"Memento mori" is the third novel written by the English author Muriel Spark (originally from Scotland). The novel was published in 1959.
The book is about death and senility, with a typically Anglo-Saxon tone and style of writing.
The novel begins with the disturbing atmosphere of a thriller: some people start to receive anonymous phone calls periodically in which they are told "Remember you have to die". The first telephone victims of the unknown molester are Lettie Colston, a lady in the crown, her brother Godfrey, a retired former industrialist, and his wife Charmian, a famous writer. All three are elderly or very old, and each of them reacts differently to phone calls. The novel soon becomes choral, because around this central nucleus of characters begin to rotate relatives, friends and servants (we are in the English high society), nobody with less than seventy years, whose mutual relationships lead us to discover the misunderstandings and the ambiguities that have characterized, in the preceding decades, the apparently affectionate and formally correct relationships between the various characters, actually made of repressed hatreds, of love and betrayal dating back to the early years of the century, of unconfessable vices and blackmail. In the course of history, many characters will die, most of them due to natural causes and no one because of the mysterious person who calls.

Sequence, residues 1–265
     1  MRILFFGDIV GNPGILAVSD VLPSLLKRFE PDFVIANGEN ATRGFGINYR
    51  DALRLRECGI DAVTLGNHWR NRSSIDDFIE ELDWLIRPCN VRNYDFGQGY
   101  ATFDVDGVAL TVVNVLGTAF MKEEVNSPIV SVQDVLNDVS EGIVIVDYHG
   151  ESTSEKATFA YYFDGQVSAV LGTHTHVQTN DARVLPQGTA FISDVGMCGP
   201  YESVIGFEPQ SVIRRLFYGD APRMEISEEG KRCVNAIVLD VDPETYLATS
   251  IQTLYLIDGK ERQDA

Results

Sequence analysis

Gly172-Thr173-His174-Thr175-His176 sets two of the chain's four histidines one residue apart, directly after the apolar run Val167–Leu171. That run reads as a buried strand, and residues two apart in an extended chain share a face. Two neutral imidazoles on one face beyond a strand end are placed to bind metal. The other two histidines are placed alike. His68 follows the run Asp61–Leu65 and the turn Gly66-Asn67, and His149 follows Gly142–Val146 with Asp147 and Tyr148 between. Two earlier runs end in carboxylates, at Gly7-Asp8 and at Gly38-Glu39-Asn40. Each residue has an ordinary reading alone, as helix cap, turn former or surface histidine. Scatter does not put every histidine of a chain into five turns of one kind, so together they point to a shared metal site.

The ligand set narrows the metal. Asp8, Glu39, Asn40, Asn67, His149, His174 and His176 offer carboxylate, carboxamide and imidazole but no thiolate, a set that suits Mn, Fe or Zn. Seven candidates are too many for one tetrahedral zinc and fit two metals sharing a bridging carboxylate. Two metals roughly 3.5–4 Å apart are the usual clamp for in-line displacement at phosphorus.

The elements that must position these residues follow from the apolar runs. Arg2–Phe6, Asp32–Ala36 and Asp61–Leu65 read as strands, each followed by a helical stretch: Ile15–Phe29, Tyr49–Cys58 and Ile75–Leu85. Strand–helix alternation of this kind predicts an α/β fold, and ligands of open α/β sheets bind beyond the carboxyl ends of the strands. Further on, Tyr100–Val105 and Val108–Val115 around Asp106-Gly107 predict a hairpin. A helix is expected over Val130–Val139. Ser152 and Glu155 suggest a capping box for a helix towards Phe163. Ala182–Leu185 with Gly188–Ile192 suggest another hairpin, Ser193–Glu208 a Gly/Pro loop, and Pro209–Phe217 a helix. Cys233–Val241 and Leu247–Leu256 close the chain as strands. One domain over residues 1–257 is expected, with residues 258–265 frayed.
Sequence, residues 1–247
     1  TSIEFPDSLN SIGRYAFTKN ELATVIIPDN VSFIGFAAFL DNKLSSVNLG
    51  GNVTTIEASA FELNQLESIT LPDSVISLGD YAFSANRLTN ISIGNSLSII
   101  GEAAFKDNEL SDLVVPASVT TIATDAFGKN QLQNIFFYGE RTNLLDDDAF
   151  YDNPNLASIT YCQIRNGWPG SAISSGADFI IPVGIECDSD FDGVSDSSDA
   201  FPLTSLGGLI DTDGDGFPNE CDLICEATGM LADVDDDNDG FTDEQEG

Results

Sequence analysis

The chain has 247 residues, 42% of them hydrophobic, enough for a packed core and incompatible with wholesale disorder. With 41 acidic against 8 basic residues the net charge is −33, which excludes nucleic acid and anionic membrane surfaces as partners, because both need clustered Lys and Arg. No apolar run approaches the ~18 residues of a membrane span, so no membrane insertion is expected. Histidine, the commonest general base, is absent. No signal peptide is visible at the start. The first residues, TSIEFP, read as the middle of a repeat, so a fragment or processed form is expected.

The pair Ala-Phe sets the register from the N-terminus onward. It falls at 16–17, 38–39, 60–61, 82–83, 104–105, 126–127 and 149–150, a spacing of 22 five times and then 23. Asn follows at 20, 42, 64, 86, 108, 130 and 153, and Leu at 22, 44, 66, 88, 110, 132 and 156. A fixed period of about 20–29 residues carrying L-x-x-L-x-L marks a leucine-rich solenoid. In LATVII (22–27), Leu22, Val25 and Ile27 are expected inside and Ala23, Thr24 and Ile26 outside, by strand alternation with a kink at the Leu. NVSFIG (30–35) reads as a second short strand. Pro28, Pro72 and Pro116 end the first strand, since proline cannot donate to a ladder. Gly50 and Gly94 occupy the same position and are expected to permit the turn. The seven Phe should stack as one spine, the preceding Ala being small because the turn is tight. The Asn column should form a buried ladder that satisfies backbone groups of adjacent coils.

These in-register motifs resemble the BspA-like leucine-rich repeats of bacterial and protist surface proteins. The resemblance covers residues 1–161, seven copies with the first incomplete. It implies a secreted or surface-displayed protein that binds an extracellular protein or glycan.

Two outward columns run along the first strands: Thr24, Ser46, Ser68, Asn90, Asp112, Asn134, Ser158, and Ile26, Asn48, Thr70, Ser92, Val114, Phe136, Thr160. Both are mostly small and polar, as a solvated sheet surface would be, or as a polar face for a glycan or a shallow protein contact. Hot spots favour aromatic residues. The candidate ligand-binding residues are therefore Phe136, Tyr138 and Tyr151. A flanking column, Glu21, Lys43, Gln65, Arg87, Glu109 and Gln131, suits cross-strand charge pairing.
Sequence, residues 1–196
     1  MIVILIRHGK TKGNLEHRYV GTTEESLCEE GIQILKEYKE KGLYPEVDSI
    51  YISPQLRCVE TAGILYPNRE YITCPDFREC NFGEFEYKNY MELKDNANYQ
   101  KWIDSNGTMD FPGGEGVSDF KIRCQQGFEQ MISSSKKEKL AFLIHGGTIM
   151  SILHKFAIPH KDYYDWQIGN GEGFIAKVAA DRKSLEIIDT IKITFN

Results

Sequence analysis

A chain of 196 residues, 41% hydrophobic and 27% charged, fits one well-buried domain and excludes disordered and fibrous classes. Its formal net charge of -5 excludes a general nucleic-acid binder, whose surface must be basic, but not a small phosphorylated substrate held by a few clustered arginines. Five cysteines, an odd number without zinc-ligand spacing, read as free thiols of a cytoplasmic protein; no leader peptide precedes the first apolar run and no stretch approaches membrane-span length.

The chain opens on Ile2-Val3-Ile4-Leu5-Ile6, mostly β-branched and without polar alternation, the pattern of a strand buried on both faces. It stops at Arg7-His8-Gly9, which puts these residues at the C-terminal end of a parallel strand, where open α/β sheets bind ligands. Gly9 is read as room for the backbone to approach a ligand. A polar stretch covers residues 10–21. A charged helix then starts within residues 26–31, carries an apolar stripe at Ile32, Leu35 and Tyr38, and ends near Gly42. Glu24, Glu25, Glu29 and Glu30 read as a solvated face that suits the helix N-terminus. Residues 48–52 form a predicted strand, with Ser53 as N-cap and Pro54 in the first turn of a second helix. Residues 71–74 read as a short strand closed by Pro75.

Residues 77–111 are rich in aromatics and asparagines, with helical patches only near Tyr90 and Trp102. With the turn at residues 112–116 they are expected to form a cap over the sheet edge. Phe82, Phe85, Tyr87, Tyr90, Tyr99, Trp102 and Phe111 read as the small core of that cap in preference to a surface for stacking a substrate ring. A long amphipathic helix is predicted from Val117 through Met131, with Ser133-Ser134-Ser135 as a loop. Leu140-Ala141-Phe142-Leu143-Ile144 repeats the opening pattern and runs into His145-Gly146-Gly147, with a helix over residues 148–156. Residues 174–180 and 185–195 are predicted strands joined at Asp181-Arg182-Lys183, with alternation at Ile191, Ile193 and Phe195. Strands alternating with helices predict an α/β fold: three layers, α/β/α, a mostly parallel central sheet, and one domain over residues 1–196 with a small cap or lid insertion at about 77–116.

But soon the novel takes on a more comical and light connotation: each of the protagonists is grappling with the physical and even mental ailments of age, and this senile state, described with light cruelty by Spark, conditions their being and their way to relate to others. For example, Charmian, the writer who has not written for decades, seems to be losing her memory and this irritates her husband in particular; Godfrey is now reduced to satisfy what remains of his past sexual appetites by paying a young woman to show him her thighs; the faithful maid and lady of Charmian company is now forced to live in the geriatric department of a hospital, in the company of a group of fighter people over eighty; the paranoid Dame Lettie continually changes her will from time to time suspecting one or the other of her friends to be the mysterious phone-harasser